A polymer made up of glucose molecules that is used to store carbohydrate in the body and can be broken down to provide glucose.
A grip position where the index, middle and ring fingers should be at 90 degrees, with the pinky typically a little straighter. Everyone is anthropometrically different, hence in those climbers with a shorter index, they may struggle to get every finger to 90 degrees. The thumb should be off to the side or under the hand.
The half crimp is the most common grip position used for fingerboard training as it offers the least mechanical advantage and therefore the greatest training stimulus and potential strength gain.
Moving the leg away from the mid-line of the body.
The muscles located on the outside of the hip that are involved in hip abduction. These include: gluteus medius, gluteus minimus, and tensor fasciae latae (TFL).
Moving the leg in towards the mid-line of the body.
The muscles located in the inner thigh that are involved in hip adduction. These include: gracilis, obturator externus, adductor brevis, adductor longus and adductor magnus.
Bringing the knee towards the chest. For example, a high step move would involve hip flexion.
Muscles involved in hip flexion including; iliacus and psoas muscles, also known as your iliopsoas, the rectus femoris and sartorius.
An increase in the volume of a muscle due to the enlargement of it’s component cells. For example, a common goal of a bodybuilding exercise is muscular hypertrophy. See also Atrophy.
The intensity of a session or workout refers to the relative effort of the exercises involved. For example, Max Hangs should be performed close to a maximum effort and are therefore a high intensity session. Conversely a session focusing on technique will typically be low intensity to allow the climber to focus on their movement.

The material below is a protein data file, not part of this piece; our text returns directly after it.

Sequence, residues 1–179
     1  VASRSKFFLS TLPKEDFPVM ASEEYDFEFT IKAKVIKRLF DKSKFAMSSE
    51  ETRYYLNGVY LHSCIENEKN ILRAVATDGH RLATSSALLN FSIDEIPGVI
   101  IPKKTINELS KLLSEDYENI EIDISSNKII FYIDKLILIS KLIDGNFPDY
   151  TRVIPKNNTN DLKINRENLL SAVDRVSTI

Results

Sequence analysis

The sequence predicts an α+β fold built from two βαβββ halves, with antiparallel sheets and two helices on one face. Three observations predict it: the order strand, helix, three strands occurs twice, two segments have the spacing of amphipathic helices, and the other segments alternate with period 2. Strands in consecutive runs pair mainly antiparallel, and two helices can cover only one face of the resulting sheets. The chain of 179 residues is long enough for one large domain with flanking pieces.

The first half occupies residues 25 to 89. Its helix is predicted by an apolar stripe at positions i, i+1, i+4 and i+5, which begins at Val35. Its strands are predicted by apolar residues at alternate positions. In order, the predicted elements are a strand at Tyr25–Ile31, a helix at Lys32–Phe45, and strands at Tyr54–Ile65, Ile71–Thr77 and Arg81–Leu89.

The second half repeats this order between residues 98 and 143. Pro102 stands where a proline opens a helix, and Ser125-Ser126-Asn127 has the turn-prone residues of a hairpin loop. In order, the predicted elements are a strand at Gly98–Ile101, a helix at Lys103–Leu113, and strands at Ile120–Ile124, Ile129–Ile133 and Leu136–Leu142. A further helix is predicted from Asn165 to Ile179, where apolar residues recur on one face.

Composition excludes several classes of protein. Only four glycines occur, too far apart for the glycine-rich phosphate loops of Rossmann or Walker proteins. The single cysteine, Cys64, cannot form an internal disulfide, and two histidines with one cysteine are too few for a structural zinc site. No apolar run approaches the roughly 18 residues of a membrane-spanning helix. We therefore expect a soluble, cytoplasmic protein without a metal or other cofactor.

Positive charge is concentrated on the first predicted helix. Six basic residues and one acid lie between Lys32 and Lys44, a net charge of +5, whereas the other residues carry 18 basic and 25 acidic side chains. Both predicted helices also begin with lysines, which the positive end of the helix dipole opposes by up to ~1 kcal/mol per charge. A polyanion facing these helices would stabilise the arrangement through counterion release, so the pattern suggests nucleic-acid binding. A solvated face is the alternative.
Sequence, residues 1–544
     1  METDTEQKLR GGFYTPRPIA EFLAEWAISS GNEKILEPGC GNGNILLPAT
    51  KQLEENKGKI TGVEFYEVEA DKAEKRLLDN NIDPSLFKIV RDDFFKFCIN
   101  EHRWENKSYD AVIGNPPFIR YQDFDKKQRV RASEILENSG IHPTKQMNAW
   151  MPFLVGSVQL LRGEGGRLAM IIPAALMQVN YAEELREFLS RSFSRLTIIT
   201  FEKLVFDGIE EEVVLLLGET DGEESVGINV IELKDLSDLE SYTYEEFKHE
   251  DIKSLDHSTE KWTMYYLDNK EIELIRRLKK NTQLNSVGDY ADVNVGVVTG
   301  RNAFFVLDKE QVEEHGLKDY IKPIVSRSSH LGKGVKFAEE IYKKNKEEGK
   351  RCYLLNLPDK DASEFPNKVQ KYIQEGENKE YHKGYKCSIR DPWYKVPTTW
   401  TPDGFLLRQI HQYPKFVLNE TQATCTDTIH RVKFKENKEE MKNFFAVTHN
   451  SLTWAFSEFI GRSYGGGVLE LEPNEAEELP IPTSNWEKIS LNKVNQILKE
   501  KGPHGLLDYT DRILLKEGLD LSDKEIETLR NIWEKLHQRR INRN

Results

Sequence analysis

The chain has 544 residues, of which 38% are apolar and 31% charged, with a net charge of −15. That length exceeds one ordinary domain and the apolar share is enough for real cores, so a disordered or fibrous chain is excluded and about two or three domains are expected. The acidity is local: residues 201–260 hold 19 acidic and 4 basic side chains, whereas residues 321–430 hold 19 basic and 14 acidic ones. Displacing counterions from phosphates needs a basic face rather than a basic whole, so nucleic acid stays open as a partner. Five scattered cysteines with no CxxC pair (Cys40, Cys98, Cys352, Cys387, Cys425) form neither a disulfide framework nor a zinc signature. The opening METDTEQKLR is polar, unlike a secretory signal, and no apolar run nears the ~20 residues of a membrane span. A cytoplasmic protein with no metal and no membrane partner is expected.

Inward rotation of the upper arm (humerus).
The rotator cuff muscles involved in internal rotation included subscapularis and teres major. The pectoralis major and latissimus dorsi are also involved in internal rotation.
Straightening of the leg i.e. moving from bent to straight leg when contracting your quadriceps.
A Lattice Board is a systematic training tool that allows you to do long sequences of moves at a consistent level of difficulty. It also allows you to target specific techniques in a regimented fashion.
Because the difficulty of each move on a Lattice Board is consistent it is also a useful profiling tool.
The process of trying boulder problems that are at and above your current limit. This would typically involve working moves extensively with the aim of linking them together to finish the boulder problem.
An isometric pull up-style exercise where you stop mid-way through a pull up and hold the position for a period of time. Also performed on one arm.
Carbohydrate, protein and fat. The major nutrients required for a healthy diet. See also Micronutrients.
A shorter cycle within a periodised training plan. Lattice typically uses 4 week mesocycles.
A number of chemical reactions taking place in the body used to sustain life, thus allowing organisms to grow and reproduce, maintain their structures, and respond to their environments.
A microcycle refers to the smallest unit within a periodised training plan; usually a week of training. See also Periodisation.
Vitamins and minerals found in foods that are needed by the body for a variety of processes. See also Macronutrients.
The active range of one’s flexibility. Given that climbing is an active activity, measuring mobility where possible is very important.
An element of good technique related to how efficiently a climber moves. Specifically, the energy expended to perform a given sequence of moves relative to an optimal sequence. For example, pausing in the middle of a crux sequence would show poor economy of movement.
An element of good technique that maximises progress through a route or problem while minimising the risk of a fall.
The decline in a muscle’s ability to generate force e.g the forearm after a 40m endurance pitch. See also Central Fatigue.
Maximum Voluntary Contraction. A measure of strength that looks at the instantaneous maximum force that is able to be exerted. Typically this is measured using a strain gauge. In climbing, MVC is typically used as a measure of finger strength.
Non-linear periodisation is the technique of varying the volume and intensity of exercise during a macro- or microcycle with the aim of improving the training response.